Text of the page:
Networking No-Nos

Networking No-Nos

Successful job seekers work hard to grow their network.  So the last thing any job seeker wants to do is ruin a first impression or annoy contacts with blunders or missteps.  To have a robust and thriving network, it’s critical you treat your contacts right, building good will with every encounter.

Here are some common networking mistakes and how to avoid them:

Leading with your pitch. Whether it’s reconnecting with someone you know or making a new contact, one of the biggest networking blunders ever is leading with a canned pitch or “elevator speech”.  It completely ruins your chance of making the right first impression.  There is a time and a place for your 20 second pitch.  Be sure you know how to articulate who you are and what you have to offer, and be sure you know when and how to use that pitch.

Making it all about you. Good networking conversations are dialogs, exchanges of information with each side learning about the other. Check yourself: Are you going on and on about what you need? Or, are you listening, asking questions and responding?

Asking for too much. As you proceed in your job search, it’s normal to have to ask your network for help. But beware of asking for too much.  For example, asking a recent contact to arrange a meeting between you and a high level manager in the company may be too much. Asking your contact to forward your resume with an introduction might be more reasonable.

Refusing to respect a “no”. If your contact feels your ask is too big, or does not feel comfortable with it, he or she may turn down your request and that’s OK. Hounding the person, disrespecting their “no” will only alienate your contact, making it less likely that he or she will help you with a smaller or different request in the future.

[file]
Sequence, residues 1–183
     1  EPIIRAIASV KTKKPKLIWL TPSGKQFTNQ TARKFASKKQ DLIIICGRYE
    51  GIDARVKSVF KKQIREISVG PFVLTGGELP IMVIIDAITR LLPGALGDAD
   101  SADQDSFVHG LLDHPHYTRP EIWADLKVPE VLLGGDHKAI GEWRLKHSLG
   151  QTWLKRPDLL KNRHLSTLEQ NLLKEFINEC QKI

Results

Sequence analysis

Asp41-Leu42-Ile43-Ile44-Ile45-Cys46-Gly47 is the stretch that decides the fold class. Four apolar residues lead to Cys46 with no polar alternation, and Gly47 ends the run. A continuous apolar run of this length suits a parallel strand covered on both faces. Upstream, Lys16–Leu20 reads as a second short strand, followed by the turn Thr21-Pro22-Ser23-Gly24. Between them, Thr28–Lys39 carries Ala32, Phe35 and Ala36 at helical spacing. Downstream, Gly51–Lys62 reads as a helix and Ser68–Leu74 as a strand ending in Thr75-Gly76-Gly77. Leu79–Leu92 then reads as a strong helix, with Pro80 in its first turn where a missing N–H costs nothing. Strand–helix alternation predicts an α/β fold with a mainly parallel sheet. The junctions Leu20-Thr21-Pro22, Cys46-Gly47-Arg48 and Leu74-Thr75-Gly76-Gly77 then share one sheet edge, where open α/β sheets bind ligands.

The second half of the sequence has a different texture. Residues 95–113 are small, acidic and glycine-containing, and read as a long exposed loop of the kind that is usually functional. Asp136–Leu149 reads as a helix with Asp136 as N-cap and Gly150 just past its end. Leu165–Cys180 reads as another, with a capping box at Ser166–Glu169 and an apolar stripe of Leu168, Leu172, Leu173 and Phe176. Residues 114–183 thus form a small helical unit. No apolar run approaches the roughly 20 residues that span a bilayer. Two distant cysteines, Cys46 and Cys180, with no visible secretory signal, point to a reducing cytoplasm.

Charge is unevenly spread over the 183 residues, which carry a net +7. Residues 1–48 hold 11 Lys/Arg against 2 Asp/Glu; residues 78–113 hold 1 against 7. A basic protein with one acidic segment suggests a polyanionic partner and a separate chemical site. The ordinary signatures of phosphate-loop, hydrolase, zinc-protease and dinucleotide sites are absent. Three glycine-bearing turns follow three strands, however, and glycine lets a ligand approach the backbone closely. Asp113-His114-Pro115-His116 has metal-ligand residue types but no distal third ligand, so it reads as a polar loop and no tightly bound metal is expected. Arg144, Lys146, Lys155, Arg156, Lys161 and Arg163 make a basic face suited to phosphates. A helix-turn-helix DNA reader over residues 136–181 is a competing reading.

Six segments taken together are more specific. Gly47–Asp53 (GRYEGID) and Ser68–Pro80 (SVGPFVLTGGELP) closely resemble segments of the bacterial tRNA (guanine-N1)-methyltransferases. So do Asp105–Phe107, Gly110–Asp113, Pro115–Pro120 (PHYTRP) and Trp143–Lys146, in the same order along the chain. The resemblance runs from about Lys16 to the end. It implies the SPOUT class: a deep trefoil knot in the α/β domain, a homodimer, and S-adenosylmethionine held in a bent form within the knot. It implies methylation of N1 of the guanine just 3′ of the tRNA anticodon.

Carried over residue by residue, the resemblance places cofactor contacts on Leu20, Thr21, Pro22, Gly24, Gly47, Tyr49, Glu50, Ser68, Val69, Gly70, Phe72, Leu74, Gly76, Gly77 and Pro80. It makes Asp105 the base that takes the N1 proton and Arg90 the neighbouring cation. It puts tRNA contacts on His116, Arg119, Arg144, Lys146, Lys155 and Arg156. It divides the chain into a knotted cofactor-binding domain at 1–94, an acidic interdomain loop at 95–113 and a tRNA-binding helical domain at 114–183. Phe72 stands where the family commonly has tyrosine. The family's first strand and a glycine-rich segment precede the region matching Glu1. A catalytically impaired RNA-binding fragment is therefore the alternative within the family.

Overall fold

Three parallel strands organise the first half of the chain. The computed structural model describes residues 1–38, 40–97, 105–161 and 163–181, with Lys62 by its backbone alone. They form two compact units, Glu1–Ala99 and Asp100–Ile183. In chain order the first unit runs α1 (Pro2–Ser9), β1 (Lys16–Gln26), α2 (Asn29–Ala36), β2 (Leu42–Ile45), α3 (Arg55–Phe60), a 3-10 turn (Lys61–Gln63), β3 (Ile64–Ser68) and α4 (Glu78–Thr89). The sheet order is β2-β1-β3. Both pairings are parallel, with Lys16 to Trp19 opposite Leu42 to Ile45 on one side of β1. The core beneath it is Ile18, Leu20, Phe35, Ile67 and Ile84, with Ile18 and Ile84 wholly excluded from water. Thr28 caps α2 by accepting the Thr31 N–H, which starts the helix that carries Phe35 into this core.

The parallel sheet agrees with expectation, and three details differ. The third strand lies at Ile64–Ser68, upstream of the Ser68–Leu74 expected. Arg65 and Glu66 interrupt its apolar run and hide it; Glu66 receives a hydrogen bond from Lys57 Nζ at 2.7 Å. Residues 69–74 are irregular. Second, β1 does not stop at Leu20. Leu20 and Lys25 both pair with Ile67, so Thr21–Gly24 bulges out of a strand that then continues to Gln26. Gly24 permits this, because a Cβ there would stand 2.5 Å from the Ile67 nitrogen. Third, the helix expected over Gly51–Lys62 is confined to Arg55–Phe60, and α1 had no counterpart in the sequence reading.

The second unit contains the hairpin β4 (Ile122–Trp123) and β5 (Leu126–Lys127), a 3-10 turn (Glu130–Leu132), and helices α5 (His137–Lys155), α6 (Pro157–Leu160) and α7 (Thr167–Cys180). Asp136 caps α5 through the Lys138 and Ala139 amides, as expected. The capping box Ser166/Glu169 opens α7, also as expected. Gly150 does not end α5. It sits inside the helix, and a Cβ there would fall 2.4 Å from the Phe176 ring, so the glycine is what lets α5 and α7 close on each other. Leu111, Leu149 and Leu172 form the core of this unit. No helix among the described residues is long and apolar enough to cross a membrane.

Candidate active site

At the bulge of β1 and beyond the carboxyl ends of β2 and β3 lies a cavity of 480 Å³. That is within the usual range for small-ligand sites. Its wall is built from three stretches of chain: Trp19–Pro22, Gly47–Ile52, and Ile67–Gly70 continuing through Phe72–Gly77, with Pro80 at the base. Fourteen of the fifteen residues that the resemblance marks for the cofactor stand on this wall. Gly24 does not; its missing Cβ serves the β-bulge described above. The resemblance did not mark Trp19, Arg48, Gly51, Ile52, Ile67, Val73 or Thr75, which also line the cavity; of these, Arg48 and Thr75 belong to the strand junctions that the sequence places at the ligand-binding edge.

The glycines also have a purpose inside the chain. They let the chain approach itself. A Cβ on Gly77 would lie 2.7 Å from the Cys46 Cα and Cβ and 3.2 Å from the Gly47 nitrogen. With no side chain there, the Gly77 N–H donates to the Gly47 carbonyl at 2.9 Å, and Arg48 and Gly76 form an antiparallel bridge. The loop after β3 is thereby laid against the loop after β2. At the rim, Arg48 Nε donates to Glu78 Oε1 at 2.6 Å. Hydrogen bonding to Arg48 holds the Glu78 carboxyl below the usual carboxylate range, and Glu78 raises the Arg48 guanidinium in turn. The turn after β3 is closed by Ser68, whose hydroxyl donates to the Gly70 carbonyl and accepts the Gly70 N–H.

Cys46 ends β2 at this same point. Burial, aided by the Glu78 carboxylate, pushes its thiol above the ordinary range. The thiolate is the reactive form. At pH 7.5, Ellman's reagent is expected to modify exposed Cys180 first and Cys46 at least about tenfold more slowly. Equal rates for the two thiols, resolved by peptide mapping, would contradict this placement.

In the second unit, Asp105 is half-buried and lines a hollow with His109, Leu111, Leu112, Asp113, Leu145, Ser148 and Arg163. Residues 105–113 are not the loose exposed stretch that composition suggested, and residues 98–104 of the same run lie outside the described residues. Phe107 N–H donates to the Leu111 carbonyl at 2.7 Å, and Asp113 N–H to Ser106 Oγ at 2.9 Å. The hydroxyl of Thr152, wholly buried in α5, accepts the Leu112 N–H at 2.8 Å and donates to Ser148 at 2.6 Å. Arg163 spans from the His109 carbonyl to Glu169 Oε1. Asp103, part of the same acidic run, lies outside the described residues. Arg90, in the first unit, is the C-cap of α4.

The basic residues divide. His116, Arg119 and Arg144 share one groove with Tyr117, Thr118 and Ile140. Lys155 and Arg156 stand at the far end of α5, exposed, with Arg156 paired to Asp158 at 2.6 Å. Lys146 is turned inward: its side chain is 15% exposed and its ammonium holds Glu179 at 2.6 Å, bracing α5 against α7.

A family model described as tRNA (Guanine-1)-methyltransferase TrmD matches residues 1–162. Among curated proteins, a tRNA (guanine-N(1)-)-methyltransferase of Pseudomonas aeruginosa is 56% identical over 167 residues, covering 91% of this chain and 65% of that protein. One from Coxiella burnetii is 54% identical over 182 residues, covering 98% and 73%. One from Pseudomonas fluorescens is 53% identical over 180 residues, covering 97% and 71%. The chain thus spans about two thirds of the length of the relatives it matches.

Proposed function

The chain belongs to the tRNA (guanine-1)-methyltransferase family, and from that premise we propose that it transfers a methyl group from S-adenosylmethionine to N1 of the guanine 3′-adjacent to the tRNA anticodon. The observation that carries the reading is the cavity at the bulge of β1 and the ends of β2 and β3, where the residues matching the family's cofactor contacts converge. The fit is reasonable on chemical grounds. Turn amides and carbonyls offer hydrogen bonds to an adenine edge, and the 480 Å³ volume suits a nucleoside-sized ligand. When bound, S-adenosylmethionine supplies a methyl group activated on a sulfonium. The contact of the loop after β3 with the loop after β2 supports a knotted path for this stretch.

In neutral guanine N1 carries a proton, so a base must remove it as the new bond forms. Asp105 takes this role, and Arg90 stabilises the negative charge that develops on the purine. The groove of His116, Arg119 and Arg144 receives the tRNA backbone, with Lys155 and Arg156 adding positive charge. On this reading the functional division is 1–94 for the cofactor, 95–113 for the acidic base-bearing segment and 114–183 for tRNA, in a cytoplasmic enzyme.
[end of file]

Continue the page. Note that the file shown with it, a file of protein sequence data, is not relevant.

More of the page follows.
Being too casual. Even when networking with someone you know very well, a level of professionalism is important. Keep in mind that any email may be forwarded. Avoid being casual or using shorthand that may look strange to someone who doesn’t know you as well.  For example, “Dude, can you hook me up with the clown who runs your division?” is a no-no.  “Hi Sam, I would appreciate an introduction to your division manager” is far more appropriate.

Taking for granted. If the only time you reach out to someone in your network is when you need something, you’re not nurturing this precious asset. One solution is to simply create a schedule for regular outreach. An email asking your contact how he or she is doing and updating on your job search is a way of nurturing your network so it’s there when you need it.

Not giving back. What goes around comes around. Of course, your top priority is finding a job for yourself and that is where the majority of your time and effort will go. But in the course of it, you will often stumble on easy ways to help others.   Be sure you give back whenever you can.

Forgetting to thank. Be sure to thank your contacts for every single assist big or small. It’s gracious, people you thank are more likely to help you again and every communication helps keep you top of mind with your contact.

Your network is precious!  It will help you uncover hidden job leads, pave the way for your interviews and advance your candidacy for jobs.  Nurture your network and treat it with great respect and it will be there for you when you need it.

Tell us, what do you consider a networking no-no?

Spread the love

3 thoughts on “Networking No-Nos

  1. So often people only think of networking as a chance to promote themselves, but if you approach every event, every lunch meeting, every networking opportunity as a chance to assist your entire network (friends, colleagues, family, etc.) you will inevitably come off much better, friendlier and maybe even end up helping someone along the way that returns the favor.

Leave a Reply